05-13-2003, 07:38 AM
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Join Date: Jun 2001
Local Time: 10:42 AM
It seems that the situation will not improve for some time. From the BBC website
Sharon rejects settlement talks
Prime Minister Sharon plays down settlement issue after meeting Colin Powell
Israeli Prime Minister Ariel Sharon has declared that the question of Jewish settlements, one of the key issues in efforts to reach Middle East peace, is not up for imminent discussion.
Mr Sharon, speaking to the Jerusalem Post, said all Israeli governments had gone ahead with settlements in some form, even during periods of peace diplomacy, and that the issue was therefore "not on the horizon".
He also said in an address to party members that he would not be put under pressure when he visits Washington to discuss a US-sponsored "roadmap" to peace, which specifically calls for Israel to stop expanding settlements in the West Bank and Gaza.
"We are not travelling to a place where there are pressures," he said. "We are going to a place with which we have a special kind of relationship."
His comments have raised questions about what was achieved by US Secretary of State Colin Powell when he met Mr Sharon on his current tour of the region to promote the peace plan.
Mr Powell has arrived in Saudi Arabia from Jordan, where he insisted at a press conference that the US would not "rewrite" the international roadmap for peace between Israel and the Palestinians.
Can attacks be stopped?
The peace plan calls for a series of mutual confidence-building steps under which the Palestinian Authority would move against militants targeting Israelis, in return for an end to settlements.
In Cairo on Monday, Mr Powell tried to overcome Arab scepticism about Israel's intentions, with assurances that Prime Minister Sharon had begun implementing peace proposals.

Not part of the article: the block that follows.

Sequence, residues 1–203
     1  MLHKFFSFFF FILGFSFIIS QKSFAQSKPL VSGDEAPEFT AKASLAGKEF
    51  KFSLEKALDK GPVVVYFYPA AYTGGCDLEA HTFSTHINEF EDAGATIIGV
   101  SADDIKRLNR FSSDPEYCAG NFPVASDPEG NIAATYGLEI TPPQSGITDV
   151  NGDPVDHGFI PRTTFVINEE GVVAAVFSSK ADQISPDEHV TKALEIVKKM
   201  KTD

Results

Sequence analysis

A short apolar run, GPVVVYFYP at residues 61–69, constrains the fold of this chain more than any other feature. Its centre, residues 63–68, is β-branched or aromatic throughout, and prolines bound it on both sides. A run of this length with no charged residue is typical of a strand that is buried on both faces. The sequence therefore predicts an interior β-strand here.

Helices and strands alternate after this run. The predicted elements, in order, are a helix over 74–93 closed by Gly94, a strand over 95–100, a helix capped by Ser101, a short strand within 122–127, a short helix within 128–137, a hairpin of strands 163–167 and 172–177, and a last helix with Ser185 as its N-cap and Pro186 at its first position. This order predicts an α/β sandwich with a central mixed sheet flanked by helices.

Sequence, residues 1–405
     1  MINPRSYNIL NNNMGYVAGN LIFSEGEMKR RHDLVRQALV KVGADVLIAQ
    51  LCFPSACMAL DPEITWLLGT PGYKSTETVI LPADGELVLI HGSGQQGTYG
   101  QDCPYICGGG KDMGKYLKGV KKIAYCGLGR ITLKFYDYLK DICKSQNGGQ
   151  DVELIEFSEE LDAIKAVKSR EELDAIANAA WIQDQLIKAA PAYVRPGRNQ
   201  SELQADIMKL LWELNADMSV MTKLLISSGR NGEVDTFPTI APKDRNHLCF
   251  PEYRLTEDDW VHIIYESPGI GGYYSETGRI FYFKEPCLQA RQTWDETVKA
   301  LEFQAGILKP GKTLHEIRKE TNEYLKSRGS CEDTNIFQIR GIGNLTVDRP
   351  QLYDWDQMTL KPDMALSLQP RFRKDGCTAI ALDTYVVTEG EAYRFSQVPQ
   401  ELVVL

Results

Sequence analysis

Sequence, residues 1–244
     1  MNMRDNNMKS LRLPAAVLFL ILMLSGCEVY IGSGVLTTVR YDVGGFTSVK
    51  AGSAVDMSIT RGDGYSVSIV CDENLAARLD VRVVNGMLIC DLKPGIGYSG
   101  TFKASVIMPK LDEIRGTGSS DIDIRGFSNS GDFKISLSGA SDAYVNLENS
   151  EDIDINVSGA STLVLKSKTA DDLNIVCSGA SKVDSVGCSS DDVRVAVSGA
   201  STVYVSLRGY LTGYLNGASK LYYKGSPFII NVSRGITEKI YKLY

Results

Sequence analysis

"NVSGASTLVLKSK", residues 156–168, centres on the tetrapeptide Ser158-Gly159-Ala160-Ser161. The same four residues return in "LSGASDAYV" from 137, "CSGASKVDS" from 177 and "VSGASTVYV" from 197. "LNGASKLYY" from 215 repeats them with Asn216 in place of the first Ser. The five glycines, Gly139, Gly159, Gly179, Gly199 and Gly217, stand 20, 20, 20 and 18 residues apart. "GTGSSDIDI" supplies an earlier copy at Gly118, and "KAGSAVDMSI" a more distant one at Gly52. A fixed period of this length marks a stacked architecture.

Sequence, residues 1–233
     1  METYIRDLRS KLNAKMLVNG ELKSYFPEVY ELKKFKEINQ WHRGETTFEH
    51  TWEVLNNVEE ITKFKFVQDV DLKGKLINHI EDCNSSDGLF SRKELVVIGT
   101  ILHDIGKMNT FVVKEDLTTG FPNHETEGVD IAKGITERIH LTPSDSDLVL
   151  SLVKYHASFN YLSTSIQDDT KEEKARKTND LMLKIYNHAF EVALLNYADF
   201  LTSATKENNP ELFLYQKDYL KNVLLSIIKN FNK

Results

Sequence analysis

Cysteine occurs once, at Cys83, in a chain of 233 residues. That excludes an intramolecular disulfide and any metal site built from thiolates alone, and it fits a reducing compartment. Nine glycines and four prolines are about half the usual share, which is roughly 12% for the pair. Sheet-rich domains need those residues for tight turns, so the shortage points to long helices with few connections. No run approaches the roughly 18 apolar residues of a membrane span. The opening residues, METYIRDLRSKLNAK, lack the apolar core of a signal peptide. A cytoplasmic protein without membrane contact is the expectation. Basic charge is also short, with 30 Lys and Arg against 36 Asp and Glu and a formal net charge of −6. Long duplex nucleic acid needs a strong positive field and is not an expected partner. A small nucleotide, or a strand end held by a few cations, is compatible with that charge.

Referring to the Israeli decision to release dozens of prisoners, remove some travel restrictions and transfer funds to the Palestinians, Mr Powell said actions were what mattered in Israel's approach to the blueprint.
He downplayed Israel's refuse to "accept" the plan explicitly.
The release of Palestinian prisoners on Sunday, was soon followed by one of the most comprehensive closures of the Gaza Strip in years.
As part of the closure, all foreigners except diplomats were barred from entering or leaving Gaza, although these restrictions were later eased during the day, the Associated Press reported.
Mr Powell's Egyptian hosts were clearly disappointed at his apparent failure to secure an official endorsement of the roadmap from Israel, the BBC's Heba Saleh in Cairo says.
Egypt's foreign minister, Ahmed Maher, criticised Israel for failing to accept the plan unequivocally, and disagreed publicly with Mr Powell in a joint press conference.
Egypt is frustrated by what it regards as America's readiness to put pressure on the Palestinians but not on Israel, our correspondent says.
Egypt fears that without Israeli concessions the roadmap will quickly fall apart, she adds.
Mr Maher also spurned US efforts to persuade its allies to sideline Palestinian leader Yasser Arafat and deal solely with new Prime Minister Mahmoud Abbas - also known as Abu Mazen.
"Arafat is the elected leader of the Palestinian people. We will continue to do business with both of them," he said.
Reports in the Israeli media suggest that Mr Sharon and Abu Mazen could meet by the end of the week, and that secret high-level security talks between the two sides have already begun, but these have not been confirmed.
Apparently, the new Palestinian prime minister Abu Mazen has accepted the roadmap unconditionally, but this report suggest that Sharon rejects it. Or at least, that he rejects some Israeli concessions for it.